When people think of concise writing they often think of writing that expresses its point in as few words as possible without being impaired by its brevity. Concise writing cannot, however, be reduced to only word count. Using fewer words to express our point typically results in writing that flows better, but the same effect is reached by reducing word length even if the number of words used stays the same.
There are two main types of concision that writers should be concerned with:
1. Word count
This type of concision involves removing unnecessary words, and it is particularly useful if you are struggling to stay within an assigned word limit. For example:
“You do not need to complete each question”
“You need not complete each question.”
By removing ‘do’ and ‘to’ and rephrasing the first part of the initial sentence, we arrive at a crisper alternative with fewer words.
While reducing word count typically produces shorter sentences, this is not always true. For example:
“Serena is a lot better at math now.”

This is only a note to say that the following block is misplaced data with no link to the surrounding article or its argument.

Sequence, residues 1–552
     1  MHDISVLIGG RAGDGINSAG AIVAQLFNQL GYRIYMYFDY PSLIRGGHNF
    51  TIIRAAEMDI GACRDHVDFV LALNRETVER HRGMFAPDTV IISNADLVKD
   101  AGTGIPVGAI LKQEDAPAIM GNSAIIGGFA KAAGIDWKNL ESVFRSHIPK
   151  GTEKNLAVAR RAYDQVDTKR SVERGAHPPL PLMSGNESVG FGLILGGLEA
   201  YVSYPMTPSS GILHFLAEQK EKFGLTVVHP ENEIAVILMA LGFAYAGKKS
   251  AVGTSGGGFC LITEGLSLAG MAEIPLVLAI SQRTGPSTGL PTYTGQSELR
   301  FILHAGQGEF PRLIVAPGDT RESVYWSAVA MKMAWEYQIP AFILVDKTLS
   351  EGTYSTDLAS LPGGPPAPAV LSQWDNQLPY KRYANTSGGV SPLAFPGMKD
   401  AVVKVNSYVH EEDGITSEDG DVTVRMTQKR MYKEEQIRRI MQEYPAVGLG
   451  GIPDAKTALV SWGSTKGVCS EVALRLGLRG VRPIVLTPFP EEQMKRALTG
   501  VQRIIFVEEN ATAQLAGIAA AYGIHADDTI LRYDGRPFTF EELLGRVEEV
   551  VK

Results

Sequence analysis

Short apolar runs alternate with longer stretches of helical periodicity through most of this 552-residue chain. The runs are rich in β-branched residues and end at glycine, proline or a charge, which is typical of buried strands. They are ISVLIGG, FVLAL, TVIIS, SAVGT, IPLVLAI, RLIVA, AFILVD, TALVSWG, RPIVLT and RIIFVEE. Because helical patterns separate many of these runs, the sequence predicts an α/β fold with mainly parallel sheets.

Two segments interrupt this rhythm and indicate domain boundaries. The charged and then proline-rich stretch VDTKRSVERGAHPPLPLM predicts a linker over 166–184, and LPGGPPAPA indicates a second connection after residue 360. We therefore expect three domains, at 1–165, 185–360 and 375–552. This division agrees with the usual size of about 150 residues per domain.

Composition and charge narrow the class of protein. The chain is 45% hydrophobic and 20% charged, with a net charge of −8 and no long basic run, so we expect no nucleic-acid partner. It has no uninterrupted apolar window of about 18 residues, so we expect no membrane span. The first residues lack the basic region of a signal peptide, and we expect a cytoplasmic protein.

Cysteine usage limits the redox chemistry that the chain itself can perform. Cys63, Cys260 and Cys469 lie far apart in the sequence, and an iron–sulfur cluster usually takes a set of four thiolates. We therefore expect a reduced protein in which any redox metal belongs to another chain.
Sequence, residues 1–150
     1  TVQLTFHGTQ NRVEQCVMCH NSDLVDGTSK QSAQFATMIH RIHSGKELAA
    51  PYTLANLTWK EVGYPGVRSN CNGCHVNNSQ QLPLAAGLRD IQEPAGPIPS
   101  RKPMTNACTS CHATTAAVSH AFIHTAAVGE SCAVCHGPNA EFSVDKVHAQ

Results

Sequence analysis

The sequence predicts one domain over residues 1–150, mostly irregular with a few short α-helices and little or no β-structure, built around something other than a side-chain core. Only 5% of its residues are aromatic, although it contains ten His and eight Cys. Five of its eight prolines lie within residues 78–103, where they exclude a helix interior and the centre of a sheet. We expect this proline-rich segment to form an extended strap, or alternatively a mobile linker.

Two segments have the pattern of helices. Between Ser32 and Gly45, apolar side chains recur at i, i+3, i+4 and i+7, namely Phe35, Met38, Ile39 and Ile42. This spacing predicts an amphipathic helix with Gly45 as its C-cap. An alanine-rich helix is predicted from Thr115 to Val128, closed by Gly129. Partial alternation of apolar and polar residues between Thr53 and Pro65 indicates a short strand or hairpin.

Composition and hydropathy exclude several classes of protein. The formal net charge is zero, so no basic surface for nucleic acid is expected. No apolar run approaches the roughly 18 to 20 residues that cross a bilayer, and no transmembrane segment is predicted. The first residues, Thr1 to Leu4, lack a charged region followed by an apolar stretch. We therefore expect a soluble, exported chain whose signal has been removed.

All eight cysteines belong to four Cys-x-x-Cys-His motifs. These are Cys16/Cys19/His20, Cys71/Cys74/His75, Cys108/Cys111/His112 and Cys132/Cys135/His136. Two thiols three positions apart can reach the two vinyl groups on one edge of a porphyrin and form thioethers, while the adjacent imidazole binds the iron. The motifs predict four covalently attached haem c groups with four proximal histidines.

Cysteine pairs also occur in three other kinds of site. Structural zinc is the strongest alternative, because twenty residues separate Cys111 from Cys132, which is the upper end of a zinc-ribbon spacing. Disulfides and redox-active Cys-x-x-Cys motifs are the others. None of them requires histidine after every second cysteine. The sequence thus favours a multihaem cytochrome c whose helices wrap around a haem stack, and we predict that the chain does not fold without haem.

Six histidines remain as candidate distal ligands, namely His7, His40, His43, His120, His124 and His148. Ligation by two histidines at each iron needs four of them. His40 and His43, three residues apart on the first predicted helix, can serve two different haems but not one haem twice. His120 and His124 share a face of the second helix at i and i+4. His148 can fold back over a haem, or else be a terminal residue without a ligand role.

“Serena is significantly better at math now.”
The first sentence has one more word, but the second sentence has more letters. What sentence you use in this case will depend on your goals; are you trying to keep your sentences as crisp as possible, or are you trying to eliminate extra words on an assignment with a very restrictive word limit?
2. Word length
This type of concision involves using alternatives with fewer letters, and it is exemplified in the first sentence of the last example above. This results in writing that is generally less choppy and easier to read due to having fewer letters, and usually by extension fewer syllables, but it need not involve a reduced word count. For example:
“Emma is a significantly better athlete than Becca.”
“Emma is a much better athlete than Becca.”
By substituting ‘much’ for ‘significantly’, we get a sentence that is shorter and easier to read despite having the same word count.